Psalm 28:1-9

A Psalm of David.

1 To You I will cry, O Lord my Rock:
Do not be silent to me,
Lest, if You are silent to me,
I become like those who go down to the pit.

Hear the voice of my supplications
When I cry to You,
When I lift up my hands toward Your holy sanctuary.

Do not take me away with the wicked
And with the workers of iniquity,
Who speak peace to their neighbors,
But evil is in their hearts.

Give them according to their deeds,
And according to the wickedness of their endeavors;
Give them according to the work of their hands;
Render to them what they deserve.

Because they do not regard the works of the Lord,
Nor the operation of His hands,
He shall destroy them
And not build them up.

Blessed be the Lord,
Because He has heard the voice of my supplications!

The Lord is my strength and my shield;
My heart trusted in Him, and I am helped;
Therefore my heart greatly rejoices,
And with my song I will praise Him.

The Lord is their strength,
And He is the saving refuge of His anointed.

Save Your people,
And bless Your inheritance;
Shepherd them also,
And bear them up forever.

A cursory reading might seem to suggest that his [David’s] appeal for help herein is based on his own merit, a closer reading and consideration of how key phrases are used elsewhere in the Old Testament reveals instead that it is based on God’s mercy, grace, and covenant faithfulness — in short, on His love. Accordingly, in its overall structure and thematic progression this psalm parallels God’s own description in Malachi 1:2-5 of the three ways in which His love for Israel is demonstrated — to wit: (1) in His accomplished gift of unmerited intimacy (Psalm 28:1-2; Malachi 1:2), (2) in His ongoing judgment of their enemies (Psalm 28:3-5; Malachi 1:3-4), and (3) in His future restoration and blessing of the nation (Psalm 28:6-9; Malachi 1:5). — Wechsler, page 87.

pit (v.1) — Sheol (Psalm 30:3; 88:4)

hear (v.2) = hear intelligently, generally used with the implication of response or obedience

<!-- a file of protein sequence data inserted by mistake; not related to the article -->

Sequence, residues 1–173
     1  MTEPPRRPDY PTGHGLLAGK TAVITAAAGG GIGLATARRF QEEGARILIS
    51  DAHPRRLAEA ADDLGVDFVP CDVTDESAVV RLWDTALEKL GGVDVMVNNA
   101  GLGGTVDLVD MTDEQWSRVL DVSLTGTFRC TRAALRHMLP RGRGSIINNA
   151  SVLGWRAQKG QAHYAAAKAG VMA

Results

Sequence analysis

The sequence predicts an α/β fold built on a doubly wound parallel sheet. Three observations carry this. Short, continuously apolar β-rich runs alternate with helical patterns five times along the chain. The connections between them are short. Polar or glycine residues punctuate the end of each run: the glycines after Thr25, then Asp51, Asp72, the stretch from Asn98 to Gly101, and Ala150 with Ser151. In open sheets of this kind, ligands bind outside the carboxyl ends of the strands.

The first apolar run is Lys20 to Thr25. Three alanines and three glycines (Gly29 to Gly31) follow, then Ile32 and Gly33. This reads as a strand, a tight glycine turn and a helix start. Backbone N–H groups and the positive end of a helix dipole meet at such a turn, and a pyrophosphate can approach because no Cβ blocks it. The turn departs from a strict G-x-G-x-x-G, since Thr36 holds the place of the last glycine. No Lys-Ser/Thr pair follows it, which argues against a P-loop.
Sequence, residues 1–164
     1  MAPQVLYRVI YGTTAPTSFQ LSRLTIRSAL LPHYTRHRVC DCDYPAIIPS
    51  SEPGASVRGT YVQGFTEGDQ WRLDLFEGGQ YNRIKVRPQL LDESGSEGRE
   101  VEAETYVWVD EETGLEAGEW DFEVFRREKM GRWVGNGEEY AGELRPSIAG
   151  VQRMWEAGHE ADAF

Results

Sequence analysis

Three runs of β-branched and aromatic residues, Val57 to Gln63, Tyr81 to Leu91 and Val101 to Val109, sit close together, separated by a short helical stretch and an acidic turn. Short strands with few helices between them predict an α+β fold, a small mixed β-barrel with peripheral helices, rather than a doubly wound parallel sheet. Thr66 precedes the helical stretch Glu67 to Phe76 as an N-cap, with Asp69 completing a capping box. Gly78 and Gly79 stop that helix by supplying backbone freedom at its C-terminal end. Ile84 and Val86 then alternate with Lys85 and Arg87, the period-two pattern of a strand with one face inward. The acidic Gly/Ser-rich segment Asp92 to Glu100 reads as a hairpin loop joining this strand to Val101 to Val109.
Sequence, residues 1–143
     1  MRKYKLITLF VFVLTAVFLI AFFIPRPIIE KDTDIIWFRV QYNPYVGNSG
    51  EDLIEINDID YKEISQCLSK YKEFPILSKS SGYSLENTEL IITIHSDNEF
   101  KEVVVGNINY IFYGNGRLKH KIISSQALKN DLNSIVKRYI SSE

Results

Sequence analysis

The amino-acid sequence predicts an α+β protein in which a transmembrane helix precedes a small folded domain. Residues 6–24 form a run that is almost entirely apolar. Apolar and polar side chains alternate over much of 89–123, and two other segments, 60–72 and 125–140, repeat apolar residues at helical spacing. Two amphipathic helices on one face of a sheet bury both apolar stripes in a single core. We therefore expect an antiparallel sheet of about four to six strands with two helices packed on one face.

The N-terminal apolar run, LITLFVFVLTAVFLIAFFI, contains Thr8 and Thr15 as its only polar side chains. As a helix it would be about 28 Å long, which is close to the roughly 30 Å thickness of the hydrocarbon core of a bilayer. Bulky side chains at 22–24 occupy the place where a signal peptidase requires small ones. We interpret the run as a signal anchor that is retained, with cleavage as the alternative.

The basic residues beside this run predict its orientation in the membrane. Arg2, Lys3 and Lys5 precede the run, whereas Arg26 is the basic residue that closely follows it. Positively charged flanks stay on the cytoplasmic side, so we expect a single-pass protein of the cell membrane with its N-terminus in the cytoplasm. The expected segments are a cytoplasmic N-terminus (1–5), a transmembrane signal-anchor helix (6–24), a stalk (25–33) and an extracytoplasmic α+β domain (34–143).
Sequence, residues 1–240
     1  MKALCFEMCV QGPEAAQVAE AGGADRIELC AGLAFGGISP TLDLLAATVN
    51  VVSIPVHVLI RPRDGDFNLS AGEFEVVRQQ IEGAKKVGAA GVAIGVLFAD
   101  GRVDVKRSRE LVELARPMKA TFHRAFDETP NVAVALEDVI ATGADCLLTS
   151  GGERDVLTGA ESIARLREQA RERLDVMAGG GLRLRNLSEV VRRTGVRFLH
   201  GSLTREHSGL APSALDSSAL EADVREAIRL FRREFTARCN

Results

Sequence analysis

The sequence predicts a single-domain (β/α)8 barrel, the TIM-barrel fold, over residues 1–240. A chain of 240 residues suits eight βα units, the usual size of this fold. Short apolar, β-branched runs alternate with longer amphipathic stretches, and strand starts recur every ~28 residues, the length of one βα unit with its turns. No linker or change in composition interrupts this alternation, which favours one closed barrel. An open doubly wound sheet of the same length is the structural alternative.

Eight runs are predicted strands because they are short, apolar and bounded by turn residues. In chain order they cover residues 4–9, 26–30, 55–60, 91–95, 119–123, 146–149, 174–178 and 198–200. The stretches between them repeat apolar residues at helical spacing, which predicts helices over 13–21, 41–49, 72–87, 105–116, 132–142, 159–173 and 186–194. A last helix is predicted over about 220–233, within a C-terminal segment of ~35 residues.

supplications (vs.2 and 6) = pleas for grace — which demonstrates that David knew that he did not deserve what God had given him but could expect it because of his relationship with God

I lift up my hands (v.2) — Psalm 63:4; 134:2; 141:2

them (v.4) — the wicked — repeated three times for emphasis and contrast with the psalmist, who does have faith

they do not regard the works of the Lord (v.5) — The wicked are without excuse. They deliberately ignore or deny the evidence for a Creator God. — Isaiah 5:12, 18-19; Romans 1:18-20

strength (v.8) = a fortified place, a fort, defense

forever (v.9) — The salvation David has in mind here is Israel’s final, complete salvation and restoration.

David implores God to demonstrate His love by “requiting” (i.e., judging, both militarily [by defeat] and spiritually) his enemies. In this case those enemies are the Gentile nations around Israel, as indicated by (1) David’s description of them as those who “do not regard (lit. “discern”) the deeds of the Lord, nor the work of His hands” (v.5a), employing the same phraseology used to describe these nations in Deuteronomy 32:27, and (2) his expectation that the Lord “will tear them down and not build them up” (v.5b), which parallels the phraseology of God’s declaration concerning Edom (a biblical prototype of Israel’s enemies in general) in Malachi 1:4: “They may build, but I will tear (them) down.” It should be noted, moreover, that David’s reason for imploring God to requite his/Israel’s enemies is not that they are his/Israel’s enemies per se — or even that they are more intrinsically depraved than the Israelites — but that, as reflected by their opposition to Israel, they are opposed to the person, standards, and work of God Himself. — Wechsler, page 88

Again, Williams sees this Psalm as a prayer by the Messiah on behalf of Israel. He considers “His Anointed” in verse 8 to be the proof of this. His translation of that verse is “Jehovah is His strength; yea, He is a stronghold of salvation to His Messiah.”

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